How to Transform Your Body

With the right exercise and nutritional program, you can significantly improve your physique and do so quickly.

Q: What’s the fastest way to get into shape?

A: Your question is perhaps the one I’m most frequently asked to answer. While the specifics of creating a detailed routine to tone up fast is beyond the scope of this column, let me outline the protocol I impart to my clients so hopefully you can get an idea of how to construct a routine on your own.

Without question, people are inherently impatient by nature – we don’t just want something, we want it now! Nowhere is this truer than when it comes to getting into shape. One has to look no further than the endless sea of infomercials for fitness gizmos and “magic pills and potions” claiming to help you get buff fast; or the booming cosmetic surgery field, where tummy tucks, liposuction and a host of other high-tech procedures promise instant gratification. Fortunately, you don’t have to waste your money on bogus gimmicks or go through the pain and expense of surgery to have a great body; with the right exercise and nutritional program, you can significantly improve your physique and do so quickly.

Now quickly doesn’t mean instantaneously. As a general rule, you can’t lose more than about 2 pounds of body fat per week – the emphasis here being on the words body fat. Sure, you can lose more total weight, but it will be in the form of water and, worse, muscle tissue. This causes a metabolic slowdown, which ultimately leads to a rebound effect where you end up gaining back all of the lost weight – and then some. Bottom line: Be realistic in your expectations as to what can be accomplished in a given time frame and stay away from diets or fitness programs promising mega-weight loss in a mere matter of days. Remember, a 2-pound-a-week weight loss might not seem like a lot, but it equates to over 20 pounds in just three months time. Given the space constraints here, I’ll focus on explaining the exercise portion of the program – hopefully I can cover the nutritional aspect in a future post.

It’s important to understand that you don’t need to spend hours in the gym to achieve head-turning results. It’s the quality – not the quantity – of training that’s important. The fact is you need only perform about three hours a week of total exercise to get maximal results in minimal time. When you train properly, less really is more.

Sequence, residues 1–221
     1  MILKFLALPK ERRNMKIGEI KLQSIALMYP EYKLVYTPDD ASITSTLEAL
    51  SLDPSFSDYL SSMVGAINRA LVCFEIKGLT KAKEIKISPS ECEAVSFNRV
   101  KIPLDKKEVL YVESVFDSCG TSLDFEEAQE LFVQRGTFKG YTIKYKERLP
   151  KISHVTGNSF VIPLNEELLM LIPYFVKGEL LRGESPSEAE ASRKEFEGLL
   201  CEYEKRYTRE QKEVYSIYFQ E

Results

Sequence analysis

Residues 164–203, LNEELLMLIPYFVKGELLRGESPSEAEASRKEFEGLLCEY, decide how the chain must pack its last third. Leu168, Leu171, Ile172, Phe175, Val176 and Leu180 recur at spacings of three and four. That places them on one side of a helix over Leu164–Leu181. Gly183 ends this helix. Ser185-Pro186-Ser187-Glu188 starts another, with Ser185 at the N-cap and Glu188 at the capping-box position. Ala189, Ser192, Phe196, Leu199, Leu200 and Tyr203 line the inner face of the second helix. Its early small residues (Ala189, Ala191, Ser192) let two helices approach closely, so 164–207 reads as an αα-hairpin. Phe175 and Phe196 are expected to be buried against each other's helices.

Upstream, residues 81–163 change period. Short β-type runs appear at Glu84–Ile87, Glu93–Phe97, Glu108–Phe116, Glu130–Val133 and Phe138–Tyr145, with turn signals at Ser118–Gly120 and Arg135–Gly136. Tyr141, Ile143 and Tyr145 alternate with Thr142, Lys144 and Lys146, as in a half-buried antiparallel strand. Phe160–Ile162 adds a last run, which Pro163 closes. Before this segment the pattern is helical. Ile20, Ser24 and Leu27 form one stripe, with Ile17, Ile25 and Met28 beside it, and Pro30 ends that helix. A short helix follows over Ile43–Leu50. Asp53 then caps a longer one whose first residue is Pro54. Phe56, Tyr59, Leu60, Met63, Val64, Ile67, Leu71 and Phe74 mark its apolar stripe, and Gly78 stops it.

One of the most important factors in constructing a shape-over routine is to take advantage of a phenomenon called “excess post-exercise oxygen consumption” (EPOC). In a nutshell, EPOC is a measure of the calories you burn after your workout is finished. Contrary to what you may have been led to believe, your metabolism remains elevated for up to 36 hours following training. Moreover, there’s an increased secretion of both growth hormone and noradrenaline. These hormones help to mobilize adipose stores, resulting in an increased utilization of fat for fuel. All told, there’s both a greater total amount of calories expended as well as a greater amount of fat oxidation following training. Here’s the catch, though: EPOC is intensity-dependent – the harder you train, the more calories you expend after exercise.

To maximally exploit EPOC, I recommend performing a periodized resistance-training routine where you alternate between strength workouts and endurance workouts from one week to the next. The strength workouts should utilize a moderate rep protocol (approximately eight to 10 reps per set) with rest intervals of about one minute or so between sets. Sets should be performed “straight” (perform a set, rest, perform another set, rest, etc.) and various high-energy techniques such as drop sets should be added to jack up intensity of effort.

The endurance workouts should utilize a higher rep protocol (15 to 20 reps per set) with shorter rest intervals of about 30 seconds between sets. Here, supersets and giant sets should be employed for a high-energy effect. For those not familiar with these terms, a superset is where two exercises are performed in succession without rest; a giant set is where three or more exercises are performed in succession without rest. After performing a superset or giant set, you rest for 30 seconds and then repeat the process.